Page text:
Amendments to New York City’s “Ban the Box” Law Bolster Its Protection of Applicants and Employees
New York City’s Fair Chance Act (commonly known as the “Ban the Box” law) was amended, effective July 29, 2021. The amendments expand protections for applicants and employees with criminal histories. On July 15, 2021, the New York City Commission on Human Rights updated its Legal Enforcement Guidance (available here) to clarify the effect of the amendments.
The expanded protections are in six key areas:
- The FCA now applies to current employees and independent contractors—not just applicants. Now, before taking an adverse employment action against any of these individuals based upon their criminal history, the employer must conduct the Fair Chance Process.
- “Criminal History” now includes pending arrests and pending criminal accusations—not just prior convictions. Any of these events now triggers the Fair Chance Process.
- Employers cannot ask about or consider “non-convictions,” which include: adjournments in contemplation of dismissal; termination in favor of the individual; adjudication as a youthful offender; convictions for “violations” (such as trespass or disorderly conduct); sealed convictions; and convictions for “non-criminal” offenses under the laws of another state (i.e., any other state’s equivalent of a New York “violation”).
- Employers must now conduct background checks in two stages to ensure that the decision-maker does not have access to criminal information prior to a conditional offer. Only after being satisfied with the applicant’s non-criminal information and extending a conditional offer can the employer inquire into the applicant’s criminal information.
- The well-established Article 23-A factors continue to apply when an employer is assessing an individual’s past criminal history (for example, a theft conviction from five years before an individual applies for a position). The amendments, however, extend the FCA’s protection to pending cases. Under a separate (but similar) set of factors, employers must assess whether cases or convictions that occur either during an employee’s employment, or during an applicant’s application, should impact the individual’s employment status. The factors are: (i) New York City’s public policy to overcome stigma of individuals with criminal histories; (ii) the specific duties necessarily related to the at-issue position; (iii) the bearing of the criminal offense on the individual’s ability to perform those duties; (iv) whether the individual was 25 years of age or younger at the time of the occurrence; (v) the seriousness of the offense; (vi) the employer’s legitimate interest in protecting property and the safety of specific individuals or the public; and (vii) any additional information produced by the employee or applicant regarding rehabilitation or good conduct.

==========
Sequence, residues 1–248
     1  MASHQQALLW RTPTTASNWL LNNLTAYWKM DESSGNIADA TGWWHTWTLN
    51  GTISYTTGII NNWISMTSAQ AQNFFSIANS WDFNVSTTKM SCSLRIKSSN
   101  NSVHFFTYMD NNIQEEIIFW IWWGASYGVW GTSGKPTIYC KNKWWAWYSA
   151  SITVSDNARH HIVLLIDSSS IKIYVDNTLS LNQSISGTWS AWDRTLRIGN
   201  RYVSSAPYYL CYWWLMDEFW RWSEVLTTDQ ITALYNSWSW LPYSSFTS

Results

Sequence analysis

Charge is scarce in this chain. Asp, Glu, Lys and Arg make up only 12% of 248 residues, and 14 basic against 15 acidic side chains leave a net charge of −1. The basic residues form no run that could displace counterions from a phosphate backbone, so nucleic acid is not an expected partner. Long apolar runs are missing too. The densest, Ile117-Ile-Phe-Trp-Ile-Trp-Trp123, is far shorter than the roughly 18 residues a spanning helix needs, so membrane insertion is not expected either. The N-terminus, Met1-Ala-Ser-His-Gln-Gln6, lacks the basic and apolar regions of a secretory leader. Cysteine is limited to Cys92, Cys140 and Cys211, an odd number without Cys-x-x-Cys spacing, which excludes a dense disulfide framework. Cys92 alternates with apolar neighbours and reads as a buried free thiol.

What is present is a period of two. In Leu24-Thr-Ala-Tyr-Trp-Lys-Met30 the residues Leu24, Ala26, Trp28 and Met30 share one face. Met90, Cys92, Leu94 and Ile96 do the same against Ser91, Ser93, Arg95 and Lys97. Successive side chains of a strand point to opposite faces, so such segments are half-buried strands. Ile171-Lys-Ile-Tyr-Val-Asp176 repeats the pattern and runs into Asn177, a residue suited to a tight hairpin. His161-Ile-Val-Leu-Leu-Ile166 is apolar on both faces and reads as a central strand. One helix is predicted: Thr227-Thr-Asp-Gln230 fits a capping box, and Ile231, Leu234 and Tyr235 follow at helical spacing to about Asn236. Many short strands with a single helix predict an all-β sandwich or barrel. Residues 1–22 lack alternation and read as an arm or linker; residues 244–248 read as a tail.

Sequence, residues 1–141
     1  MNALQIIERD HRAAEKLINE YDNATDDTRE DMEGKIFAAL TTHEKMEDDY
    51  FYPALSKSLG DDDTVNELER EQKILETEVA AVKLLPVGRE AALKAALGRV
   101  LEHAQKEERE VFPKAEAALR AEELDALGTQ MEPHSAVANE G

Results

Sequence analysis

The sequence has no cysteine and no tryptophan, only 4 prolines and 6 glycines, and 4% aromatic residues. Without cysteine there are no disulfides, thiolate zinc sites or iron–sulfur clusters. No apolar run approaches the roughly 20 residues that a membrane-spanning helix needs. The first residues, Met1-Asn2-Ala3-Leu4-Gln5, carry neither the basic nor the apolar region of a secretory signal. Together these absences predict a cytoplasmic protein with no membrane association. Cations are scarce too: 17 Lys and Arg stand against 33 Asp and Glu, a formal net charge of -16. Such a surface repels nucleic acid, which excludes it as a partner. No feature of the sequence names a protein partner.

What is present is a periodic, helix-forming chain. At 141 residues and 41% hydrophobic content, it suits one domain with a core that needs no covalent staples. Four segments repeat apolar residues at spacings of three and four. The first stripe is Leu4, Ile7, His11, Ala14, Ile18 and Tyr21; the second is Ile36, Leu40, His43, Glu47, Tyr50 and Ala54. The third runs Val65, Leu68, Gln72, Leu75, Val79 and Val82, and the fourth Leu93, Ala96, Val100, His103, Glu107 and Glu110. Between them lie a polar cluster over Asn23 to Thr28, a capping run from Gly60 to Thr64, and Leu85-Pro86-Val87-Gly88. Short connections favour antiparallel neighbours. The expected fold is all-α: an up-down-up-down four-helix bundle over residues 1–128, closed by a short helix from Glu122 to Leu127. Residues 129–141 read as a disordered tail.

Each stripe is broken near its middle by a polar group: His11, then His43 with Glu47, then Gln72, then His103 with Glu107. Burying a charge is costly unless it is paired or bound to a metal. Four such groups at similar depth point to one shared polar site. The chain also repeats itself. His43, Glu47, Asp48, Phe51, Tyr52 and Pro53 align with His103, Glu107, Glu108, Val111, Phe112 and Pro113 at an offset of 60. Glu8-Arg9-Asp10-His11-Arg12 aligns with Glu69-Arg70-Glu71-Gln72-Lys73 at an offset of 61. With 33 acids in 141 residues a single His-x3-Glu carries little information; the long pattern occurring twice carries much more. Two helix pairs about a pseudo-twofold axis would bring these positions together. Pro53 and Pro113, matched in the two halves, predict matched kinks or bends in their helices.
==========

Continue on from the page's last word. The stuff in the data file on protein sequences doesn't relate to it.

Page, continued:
- The Fair Chance Process is now slightly more comprehensive. Applicants now have five business days—not three—to respond to a Fair Chance Notice informing them about the employer’s Fair Chance Analysis. Current employees may also take paid (or unpaid) leave during the Fair Chance Process. And if an employer suspects an applicant has “intentionally misrepresented” his or her criminal history, the employer must (i) provide the applicant with a copy of any information supporting the employer’s belief that an intentional misrepresentation has occurred, and (ii) afford the applicant five business days to respond. If the applicant credibly demonstrates either that the information was not a misrepresentation, or that the misrepresentation was unintentional, the employer must perform the Fair Chance Analysis before taking any adverse action against the applicant.
Protections for New York City employees and applicants with criminal histories continue to grow. Employers should therefore ensure that all hiring decision-makers and Human Resources personnel are familiar with the FCA’s new requirements. Employers should likewise confirm that all hiring policies and procedures comply with the new requirements.